Another major problem with apps like Aspire News, she added, is that they potentially giving survivors false hope by not making their limitations clear.

“My biggest concern is usually that they are they are not as transparent in their limitations to the user,” she said. “I remember seeing one a couple years ago (…) that said it was an emergency safety app, that you can contact police and emergency from the click of a button. And I remember it saying on the website, ‘It’s like having a police officer in your back pocket!’ and I was thinking, ‘No, it’s absolutely not like that!’

“We found that most of the emergency ones are not helpful. I’ll be pretty blunt about that,” she added. She said it’s much more effective, in an emergency situation, to dial 911, as most smartphones allow users to bypass their security locks to do so.

Olsen also noted that the increasing use of spyware by abusers to track activity on their targets' devices can render the disguise strategy useless, as the abuser can see exactly what the victim is doing on the app.

On its website, the Safety Net Project has compiled an App Safety Center which provides more information about app safety for survivors, as well as considerations for app developers on how they can best help survivors.

Beyond mobile app development, Olsen said the developers of smart devices themselves—and other smart systems—can improve the situation for survivors by being mindful that both perpetrators and victims of domestic violence will inevitably be in the user base of such widespread technology. She used smart home security systems as one example.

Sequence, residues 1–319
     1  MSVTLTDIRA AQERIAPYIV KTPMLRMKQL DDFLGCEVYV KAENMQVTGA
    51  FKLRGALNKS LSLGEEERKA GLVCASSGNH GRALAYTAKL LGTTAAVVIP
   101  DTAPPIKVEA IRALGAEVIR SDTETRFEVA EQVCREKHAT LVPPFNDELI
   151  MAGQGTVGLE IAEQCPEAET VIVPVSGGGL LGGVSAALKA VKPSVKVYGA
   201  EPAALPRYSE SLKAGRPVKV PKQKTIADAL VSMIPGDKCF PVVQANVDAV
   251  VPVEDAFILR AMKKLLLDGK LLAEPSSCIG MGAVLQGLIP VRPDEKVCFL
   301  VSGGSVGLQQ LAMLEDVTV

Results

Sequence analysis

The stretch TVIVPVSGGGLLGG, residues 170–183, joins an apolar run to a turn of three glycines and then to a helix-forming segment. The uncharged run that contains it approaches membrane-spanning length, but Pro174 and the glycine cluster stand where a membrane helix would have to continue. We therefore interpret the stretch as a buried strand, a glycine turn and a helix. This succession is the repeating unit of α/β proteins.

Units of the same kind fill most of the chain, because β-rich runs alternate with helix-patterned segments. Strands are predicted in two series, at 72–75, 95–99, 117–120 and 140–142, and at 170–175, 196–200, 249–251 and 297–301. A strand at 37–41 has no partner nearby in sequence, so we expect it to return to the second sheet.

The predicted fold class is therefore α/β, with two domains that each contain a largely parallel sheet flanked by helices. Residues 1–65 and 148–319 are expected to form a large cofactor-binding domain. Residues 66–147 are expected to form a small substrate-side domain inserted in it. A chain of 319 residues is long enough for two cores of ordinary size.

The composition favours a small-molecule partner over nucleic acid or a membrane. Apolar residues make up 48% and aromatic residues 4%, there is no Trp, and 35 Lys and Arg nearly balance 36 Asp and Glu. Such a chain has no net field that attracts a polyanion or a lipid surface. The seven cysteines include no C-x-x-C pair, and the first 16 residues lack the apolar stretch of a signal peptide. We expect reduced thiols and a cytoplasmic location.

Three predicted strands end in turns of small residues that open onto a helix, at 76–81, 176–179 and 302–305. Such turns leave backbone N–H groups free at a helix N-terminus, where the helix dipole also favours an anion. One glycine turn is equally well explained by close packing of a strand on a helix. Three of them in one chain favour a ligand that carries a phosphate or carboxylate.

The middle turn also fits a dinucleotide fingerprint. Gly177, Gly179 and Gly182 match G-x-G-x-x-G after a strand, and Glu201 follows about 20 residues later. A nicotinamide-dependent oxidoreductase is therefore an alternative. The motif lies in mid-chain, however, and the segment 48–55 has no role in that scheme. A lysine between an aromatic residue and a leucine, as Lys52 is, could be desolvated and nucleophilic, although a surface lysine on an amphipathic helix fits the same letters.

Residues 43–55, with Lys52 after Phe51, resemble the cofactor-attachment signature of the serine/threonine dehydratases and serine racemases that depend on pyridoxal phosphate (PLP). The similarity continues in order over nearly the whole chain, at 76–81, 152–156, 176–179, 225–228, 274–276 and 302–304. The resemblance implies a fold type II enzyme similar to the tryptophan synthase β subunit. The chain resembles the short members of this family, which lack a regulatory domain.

“A lot of these technologies are kind of being developed with the assumption that your home is the safest place. That the people who live with you in your home would never misuse these technologies, so by default there’s all access, and sharing, and control that’s given to the people that are in your home,” she said. She explained that with many smart home security systems there is one main account holder who has total control over the system, and that the process for removing that user’s control is often not equipped for situations where that access can be dangerous.

“What happens if the somebody (that) sets this account up has access to the locks of the front door, can turn off the security system, can turn on surveillance cameras and see what’s happening in or outside of the home? What happens when that account holder is not supposed to be in the home anymore? Even if there’s an order of protection in place kicking that person out? But they still have access based on this device and the system,” she said.

On the flip side, smart home security can be a tool for survivors to protect themselves from stalkers, harassers and former abusers, and generate evidence for a criminal case.

“The smart home security systems can give people either a wonderful peace of mind, or information, evidence (and) documentation of abuse and stalking,” she said.

As for voice recognition technology and intelligent personal assistants like Alexa, they could be used to help survivors, even without the ability to directly call 911. These assistants can be an avenue for survivors to seek out and pinpoint resources to aid to them in their situation. But this avenue must be opened up by developers, who must stay aware of how important such resources can be.

“Siri was all over the news a few years ago because it didn’t respond if you asked for a rape crisis phone number, or suicide hotline, and they made those changes,” Olsen said. “There (is) some thought about intervening in crisis situations, but I think even before we go there, there’s just the fundamental ‘How are people using these technologies?’ (…) If this is what they’re using daily, they’re going to be using it to try to get that information and that hotline. ‘Am I being abused? What is abuse?’ People are going to ask those questions of these devices.”